Qanba Dragon Fight Stick for PS3/PS4/PC
If you’re looking to get into fighting games on the PlayStation 4 and want to test your mettle on an arcade-style joystick, there were usually just three names to choose from: MadCatz, HORI, and the recently released Razer Panthera. Just as Street Fighter V is preparing its second season, a new challenger has entered the ring and brought a few friends with them. Chinese manufacturer Qanba has unveiled its latest line of arcade sticks for the PlayStation 3 and 4 and gave us the opportunity to try out their premium model: The $299 Qanba Dragon.
There’s an undeniable sturdiness to the Qanba Dragon that’s present the moment I first got my hands on this fine piece of equipment. Coming in at just under twelve pounds, this fightstick might help a tournament player shed a few pounds just from carrying their stick into battles across the world. The Dragon’s commanding presence is larger than any of the other sticks in my collection and wouldn’t fit in any of the bags I’ve used for running tournaments in the past, although Qanba does offer a solution with their Guardian travel pack. If you’re looking to be a world warrior, be forewarned that the Dragon won’t be satisfied with being in your carry-on luggage.
As a full-sized joystick, the Qanba Dragon joins the ranks of Hori’s Vewlix line of sticks as a beast that demands your entire lap for tribute. Gone is the felt that used to adorn Qanba’s earlier sticks as an anti-slipping solution; in its place is high-quality rubber that helps to keep the stick in one place. No matter how vigorously I churned out 720s on the Sanwa lever, the combination of heft and padding kept the stick from sliding all over the place. For the precision that frame-perfect combos require, the Dragon is outfitted with a full line of Sanwa OBSF-30 pushbuttons and the fan favorite JLF stick (with a square gate restrictor and chrome balltop).
Most modern arcade sticks offer some sort of cord drawer to stash the USB cable when not in use. Perhaps the worst part about these storage drawers is how weak the hinges can be and are prone to breaking off with repeated use (I personally have seen a number of these happen to Madcatz sticks that were the staple of tournaments I attended). Qanba took a unique approach to this by offering two sturdy posts to wrap the cord around when traveling, alleviating the possibility of having anything break off mid-celebration. While I certainly wouldn’t advocate it, the Qanba Dragon feels sturdy enough to handle whatever salty abuse you decide to throw at it, even if it’s a post match spike after being locked into another infinite combo in MvC3.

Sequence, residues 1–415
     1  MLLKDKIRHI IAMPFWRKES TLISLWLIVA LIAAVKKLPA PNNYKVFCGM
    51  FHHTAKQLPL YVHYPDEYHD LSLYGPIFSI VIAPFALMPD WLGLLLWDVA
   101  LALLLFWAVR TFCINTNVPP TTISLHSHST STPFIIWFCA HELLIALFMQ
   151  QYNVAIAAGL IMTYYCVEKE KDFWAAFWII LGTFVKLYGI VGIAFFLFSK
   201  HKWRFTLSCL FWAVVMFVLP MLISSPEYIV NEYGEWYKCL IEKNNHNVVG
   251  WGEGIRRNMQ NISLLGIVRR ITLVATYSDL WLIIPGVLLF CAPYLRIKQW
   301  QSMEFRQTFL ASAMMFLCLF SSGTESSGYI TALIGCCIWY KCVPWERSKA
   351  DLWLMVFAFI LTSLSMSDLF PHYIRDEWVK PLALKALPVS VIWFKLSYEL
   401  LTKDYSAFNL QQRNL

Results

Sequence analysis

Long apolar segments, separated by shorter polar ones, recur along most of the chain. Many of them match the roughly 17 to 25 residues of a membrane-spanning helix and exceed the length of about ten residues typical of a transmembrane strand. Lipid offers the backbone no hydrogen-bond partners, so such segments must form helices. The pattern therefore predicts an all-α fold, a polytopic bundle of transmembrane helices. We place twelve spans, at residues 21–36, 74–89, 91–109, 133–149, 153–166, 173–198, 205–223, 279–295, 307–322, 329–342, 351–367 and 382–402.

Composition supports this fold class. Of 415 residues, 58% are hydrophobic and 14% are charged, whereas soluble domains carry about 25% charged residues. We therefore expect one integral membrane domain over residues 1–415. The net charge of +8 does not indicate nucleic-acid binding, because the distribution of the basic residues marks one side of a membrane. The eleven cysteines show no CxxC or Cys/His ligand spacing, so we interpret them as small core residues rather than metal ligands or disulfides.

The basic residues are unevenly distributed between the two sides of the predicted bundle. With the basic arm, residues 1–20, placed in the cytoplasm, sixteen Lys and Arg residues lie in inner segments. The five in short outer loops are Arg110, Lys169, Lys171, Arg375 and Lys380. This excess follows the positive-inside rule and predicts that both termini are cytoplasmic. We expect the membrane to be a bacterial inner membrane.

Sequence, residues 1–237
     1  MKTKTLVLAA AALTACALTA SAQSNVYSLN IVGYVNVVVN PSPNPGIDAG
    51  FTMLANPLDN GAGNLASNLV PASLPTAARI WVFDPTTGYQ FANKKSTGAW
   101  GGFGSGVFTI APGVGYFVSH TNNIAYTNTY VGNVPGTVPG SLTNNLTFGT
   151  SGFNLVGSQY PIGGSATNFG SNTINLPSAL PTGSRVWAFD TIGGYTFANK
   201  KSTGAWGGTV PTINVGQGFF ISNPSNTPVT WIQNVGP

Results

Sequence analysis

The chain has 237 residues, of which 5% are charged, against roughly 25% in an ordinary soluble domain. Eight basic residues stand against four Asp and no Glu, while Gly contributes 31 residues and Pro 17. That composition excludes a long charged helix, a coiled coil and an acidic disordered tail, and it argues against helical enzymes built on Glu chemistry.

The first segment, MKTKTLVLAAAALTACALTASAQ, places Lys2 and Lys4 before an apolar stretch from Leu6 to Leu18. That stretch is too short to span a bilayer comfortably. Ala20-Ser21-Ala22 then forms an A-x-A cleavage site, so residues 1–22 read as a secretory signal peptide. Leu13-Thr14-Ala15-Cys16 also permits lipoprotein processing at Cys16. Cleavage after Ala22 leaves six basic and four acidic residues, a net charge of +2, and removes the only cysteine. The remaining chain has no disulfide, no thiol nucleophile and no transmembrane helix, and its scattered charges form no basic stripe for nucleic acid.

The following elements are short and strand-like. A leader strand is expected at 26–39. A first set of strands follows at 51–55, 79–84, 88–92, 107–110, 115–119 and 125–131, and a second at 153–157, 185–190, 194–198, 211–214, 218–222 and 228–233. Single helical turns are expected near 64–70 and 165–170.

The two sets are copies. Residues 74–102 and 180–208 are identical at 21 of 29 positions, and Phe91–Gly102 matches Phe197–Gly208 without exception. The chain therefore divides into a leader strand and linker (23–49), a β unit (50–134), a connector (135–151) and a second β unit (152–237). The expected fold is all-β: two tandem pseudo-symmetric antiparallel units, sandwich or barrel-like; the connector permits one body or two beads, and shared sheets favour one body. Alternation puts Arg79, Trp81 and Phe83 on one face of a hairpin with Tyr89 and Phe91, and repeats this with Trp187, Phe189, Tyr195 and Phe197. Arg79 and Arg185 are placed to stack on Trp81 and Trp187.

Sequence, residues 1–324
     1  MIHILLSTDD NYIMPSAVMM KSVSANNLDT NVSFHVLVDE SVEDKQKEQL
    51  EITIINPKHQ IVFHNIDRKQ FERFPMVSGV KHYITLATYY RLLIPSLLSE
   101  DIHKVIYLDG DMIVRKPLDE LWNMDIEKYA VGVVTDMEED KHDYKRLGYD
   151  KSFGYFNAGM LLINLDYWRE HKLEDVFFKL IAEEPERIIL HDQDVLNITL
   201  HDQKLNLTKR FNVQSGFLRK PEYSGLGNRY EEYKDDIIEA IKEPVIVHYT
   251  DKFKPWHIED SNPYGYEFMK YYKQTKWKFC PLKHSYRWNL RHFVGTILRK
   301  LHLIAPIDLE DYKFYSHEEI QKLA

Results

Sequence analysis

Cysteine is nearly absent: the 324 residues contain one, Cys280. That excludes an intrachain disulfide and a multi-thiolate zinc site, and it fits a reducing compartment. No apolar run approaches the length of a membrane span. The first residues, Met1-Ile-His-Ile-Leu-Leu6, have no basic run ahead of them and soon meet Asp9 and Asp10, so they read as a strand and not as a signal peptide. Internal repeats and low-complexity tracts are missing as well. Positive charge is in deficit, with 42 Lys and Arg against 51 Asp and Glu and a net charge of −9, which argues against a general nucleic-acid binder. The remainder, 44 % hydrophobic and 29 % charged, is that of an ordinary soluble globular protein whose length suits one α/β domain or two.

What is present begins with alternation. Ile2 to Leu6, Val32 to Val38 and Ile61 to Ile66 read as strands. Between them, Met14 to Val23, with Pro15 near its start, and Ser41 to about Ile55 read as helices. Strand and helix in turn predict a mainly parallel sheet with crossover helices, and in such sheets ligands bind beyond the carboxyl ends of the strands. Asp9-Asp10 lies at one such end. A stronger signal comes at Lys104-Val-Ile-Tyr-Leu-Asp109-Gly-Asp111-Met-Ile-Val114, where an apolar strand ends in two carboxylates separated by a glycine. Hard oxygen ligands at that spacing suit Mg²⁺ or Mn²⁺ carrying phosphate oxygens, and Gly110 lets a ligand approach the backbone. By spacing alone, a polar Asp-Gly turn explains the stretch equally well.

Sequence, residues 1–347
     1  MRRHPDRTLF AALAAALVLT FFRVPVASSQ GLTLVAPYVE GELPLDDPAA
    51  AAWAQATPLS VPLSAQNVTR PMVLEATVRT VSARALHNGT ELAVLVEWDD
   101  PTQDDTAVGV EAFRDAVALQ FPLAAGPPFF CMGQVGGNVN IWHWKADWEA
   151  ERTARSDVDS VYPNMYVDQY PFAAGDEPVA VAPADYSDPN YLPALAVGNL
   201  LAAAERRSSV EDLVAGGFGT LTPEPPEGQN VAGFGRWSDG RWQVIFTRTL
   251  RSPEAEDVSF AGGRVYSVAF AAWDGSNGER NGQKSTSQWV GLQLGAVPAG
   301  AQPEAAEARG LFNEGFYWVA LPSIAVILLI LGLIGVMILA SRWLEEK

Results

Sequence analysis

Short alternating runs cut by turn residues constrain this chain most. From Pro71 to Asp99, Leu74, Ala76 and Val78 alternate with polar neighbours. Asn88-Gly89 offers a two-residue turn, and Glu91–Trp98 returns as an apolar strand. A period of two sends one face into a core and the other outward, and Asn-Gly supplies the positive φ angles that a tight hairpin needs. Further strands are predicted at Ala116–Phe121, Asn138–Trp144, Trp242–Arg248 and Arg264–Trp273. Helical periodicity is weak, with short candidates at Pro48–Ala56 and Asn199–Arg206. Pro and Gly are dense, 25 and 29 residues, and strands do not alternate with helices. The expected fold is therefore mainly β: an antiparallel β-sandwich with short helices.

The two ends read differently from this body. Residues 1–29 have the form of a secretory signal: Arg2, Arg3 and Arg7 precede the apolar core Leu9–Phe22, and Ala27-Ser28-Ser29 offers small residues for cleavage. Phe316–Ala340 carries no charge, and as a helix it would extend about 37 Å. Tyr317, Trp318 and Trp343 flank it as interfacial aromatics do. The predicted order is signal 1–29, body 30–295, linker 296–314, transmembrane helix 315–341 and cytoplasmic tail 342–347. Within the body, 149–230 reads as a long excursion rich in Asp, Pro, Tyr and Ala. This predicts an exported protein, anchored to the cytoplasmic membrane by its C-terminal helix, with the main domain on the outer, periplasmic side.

If I had to choose one word to describe the Qanba Dragon’s build, it would have to be ‘deliberate’. To prevent accidental button presses during a qualifying match, the folks at Qanba have moved the non-essential buttons onto a small control deck at the top of the stick with a full-sized PS4 touchpad adoring just below. Compared to the imposing size of the Qanba Dragon, the actual command deck feels minuscule by comparison. The extra buttons that would only need to be accessed in certain instances, L3/R3, Share, Options, et cetera, are all centered around a PS button joined by a toggle for the LED lighting and Turbo functionality. Offering a turbo function is still a rarity for modern arcade joysticks and is always a welcome addition for those that care to play other arcade titles on their equipment.